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New Gallup Poll Shows 38% of Americans Have Tried Marijuana

Friday, August 09, 2013

 

A new Gallup poll released reveals that 38 percent of Americans have tried marijuana, compared with 34% in 1999 and 33% in 1985.

The latest results are from Gallup's annual Consumption Habits poll, conducted from July 10 to 14.

While the percentage of those who report trying the drug has risen slightly in recent years, Gallup reports that "before Americans' self-reported experimentation with marijuana leveled off in the 1980s, it surged in the 1970s," rising from 4% in 1969 to 12% in 1973 and 24% in 1977."

"Even as Americans' support for legalizing marijuana has doubled, and more than 20 states have loosened marijuana restrictions in various ways," Gallup found "relatively little increase throughout the past three decades in the percentage of U.S. adults who say they have tried marijuana."

Gallup Looks at Usage Trends

While more than one-third of American adults admit to having tried marijuana, a much smaller percentage admit to currently using it.

Based on a sample size of 1,055 adults, seven percent of American adults, in a separate half-sample from the one asked if they have ever tried it , said they smoke marijuana.

The poll looked at usage rates among gender, ethnicity, age, and socio-economic categories -- as well as political affiliations.

According to Gallup poll, liberals have one of the highest rates of self-reported current usage of marijuana at 13%, exceeding both moderates (8%) and conservatives (2%).

Similarly, there is a close pattern for those having ever tried it: More liberals (49%) have tried marijuana than moderates (40%) and conservatives (32%).

Gallup Conclusion

Gallup points to the findings as an indicator that the rise of medical marijuana legislation in states doesn't correlate with an increase of use overall, reporting that it "finds no...surge in Americans' self-reported experience with the drug. In fact, the percentage of young adults trying marijuana has declined since 1985."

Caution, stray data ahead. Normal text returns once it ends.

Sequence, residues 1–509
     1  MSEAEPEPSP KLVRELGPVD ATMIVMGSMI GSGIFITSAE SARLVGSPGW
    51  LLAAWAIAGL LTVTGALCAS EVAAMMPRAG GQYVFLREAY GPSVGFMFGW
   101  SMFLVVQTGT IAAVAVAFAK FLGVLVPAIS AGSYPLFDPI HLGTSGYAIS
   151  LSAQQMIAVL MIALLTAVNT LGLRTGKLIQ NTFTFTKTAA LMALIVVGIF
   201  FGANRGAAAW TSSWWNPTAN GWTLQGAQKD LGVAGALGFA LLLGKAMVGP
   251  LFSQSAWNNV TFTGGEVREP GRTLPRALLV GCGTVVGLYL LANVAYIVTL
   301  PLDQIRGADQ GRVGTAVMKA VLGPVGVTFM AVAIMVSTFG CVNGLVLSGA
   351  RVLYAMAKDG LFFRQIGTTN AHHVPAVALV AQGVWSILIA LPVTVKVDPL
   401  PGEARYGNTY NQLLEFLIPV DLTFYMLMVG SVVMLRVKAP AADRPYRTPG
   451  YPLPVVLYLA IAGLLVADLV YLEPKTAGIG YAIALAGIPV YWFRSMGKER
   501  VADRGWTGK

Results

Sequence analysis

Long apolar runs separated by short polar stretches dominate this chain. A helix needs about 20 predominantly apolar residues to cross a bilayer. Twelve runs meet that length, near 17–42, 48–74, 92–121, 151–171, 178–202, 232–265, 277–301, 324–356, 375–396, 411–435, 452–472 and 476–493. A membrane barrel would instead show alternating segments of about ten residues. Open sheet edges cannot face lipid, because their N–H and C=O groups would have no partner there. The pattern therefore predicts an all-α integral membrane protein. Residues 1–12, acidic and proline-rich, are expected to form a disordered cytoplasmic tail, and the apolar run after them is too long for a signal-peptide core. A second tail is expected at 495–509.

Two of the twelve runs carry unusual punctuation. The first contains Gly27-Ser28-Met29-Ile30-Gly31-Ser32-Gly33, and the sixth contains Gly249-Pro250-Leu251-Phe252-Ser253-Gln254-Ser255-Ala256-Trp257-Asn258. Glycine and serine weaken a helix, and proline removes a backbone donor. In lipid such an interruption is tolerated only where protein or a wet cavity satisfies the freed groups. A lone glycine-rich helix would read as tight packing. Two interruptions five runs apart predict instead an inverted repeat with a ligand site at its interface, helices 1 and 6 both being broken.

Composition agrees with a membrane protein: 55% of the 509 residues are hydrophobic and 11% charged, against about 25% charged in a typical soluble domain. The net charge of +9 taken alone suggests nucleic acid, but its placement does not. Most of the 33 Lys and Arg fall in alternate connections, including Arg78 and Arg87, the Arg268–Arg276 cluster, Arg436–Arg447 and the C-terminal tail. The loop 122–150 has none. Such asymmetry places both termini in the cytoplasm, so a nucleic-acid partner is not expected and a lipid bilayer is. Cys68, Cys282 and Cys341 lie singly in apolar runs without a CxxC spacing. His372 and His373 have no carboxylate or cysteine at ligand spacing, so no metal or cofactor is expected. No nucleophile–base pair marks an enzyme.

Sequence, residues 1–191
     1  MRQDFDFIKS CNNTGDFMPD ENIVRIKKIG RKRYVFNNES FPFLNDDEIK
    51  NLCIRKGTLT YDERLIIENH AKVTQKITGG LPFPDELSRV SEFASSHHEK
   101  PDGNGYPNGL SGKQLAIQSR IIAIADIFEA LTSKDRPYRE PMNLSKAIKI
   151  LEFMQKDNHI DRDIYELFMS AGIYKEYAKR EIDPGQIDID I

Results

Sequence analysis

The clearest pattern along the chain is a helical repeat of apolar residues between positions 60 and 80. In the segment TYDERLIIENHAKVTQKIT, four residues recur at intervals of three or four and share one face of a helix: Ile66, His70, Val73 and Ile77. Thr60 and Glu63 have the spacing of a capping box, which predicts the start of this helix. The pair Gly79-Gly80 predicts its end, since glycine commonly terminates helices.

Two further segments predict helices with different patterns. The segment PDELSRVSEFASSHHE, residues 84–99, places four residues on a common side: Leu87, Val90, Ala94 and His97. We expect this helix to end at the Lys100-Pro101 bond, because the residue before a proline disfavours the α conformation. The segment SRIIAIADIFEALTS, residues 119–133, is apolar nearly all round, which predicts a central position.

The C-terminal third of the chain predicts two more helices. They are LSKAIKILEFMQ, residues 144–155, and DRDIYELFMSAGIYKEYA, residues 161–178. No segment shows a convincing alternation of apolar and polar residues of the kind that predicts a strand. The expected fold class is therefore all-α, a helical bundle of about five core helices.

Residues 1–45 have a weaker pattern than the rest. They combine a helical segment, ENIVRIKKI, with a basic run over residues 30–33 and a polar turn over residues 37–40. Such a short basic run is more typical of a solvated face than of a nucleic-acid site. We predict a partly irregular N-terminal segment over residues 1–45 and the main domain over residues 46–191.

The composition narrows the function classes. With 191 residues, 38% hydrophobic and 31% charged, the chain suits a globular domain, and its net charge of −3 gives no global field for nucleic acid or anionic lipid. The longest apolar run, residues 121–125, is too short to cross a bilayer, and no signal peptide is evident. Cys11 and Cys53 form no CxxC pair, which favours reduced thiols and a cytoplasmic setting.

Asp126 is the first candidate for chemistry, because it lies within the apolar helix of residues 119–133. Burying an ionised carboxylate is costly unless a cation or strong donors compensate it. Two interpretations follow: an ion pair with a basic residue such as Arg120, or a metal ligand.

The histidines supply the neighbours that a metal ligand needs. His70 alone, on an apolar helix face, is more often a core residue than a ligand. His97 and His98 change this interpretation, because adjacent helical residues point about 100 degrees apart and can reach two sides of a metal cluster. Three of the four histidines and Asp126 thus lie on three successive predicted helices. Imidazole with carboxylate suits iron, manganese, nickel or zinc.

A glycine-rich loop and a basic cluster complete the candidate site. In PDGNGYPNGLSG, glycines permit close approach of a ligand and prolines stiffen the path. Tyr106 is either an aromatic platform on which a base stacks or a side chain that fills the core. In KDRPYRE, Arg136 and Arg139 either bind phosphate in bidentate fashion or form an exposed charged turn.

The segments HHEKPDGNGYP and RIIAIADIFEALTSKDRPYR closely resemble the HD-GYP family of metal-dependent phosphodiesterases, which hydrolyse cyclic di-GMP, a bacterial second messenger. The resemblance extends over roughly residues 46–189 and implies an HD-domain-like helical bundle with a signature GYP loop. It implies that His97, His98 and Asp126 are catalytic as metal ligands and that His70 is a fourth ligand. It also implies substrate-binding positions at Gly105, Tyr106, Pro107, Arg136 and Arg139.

In Rhode Island, the General Assembly enacted the Edward O. Hawkins and Thomas C. Slater Medical Marijuana law on January 3, 2006. This law protects registered medical marijuana patients and their caregivers from arrest and jail for growing, obtaining and acquiring cannabis.

Compassion Centers are places for patients that have qualifying conditions to obtain medical marijuana as allowed by Rhode Island law. Three compassion centers, Thomas C. Slater, Summit and Greenleaf were initially approved to be licensed by the Department. The Thomas C. Slater Compassion Center in Providence and Greenleaf Compassionate Care in Portsmouth are licensed and currently operating. The Summit Medical Compassion Center is in the process of applying for their operating license.

See how the New England states stack up below.
 

 

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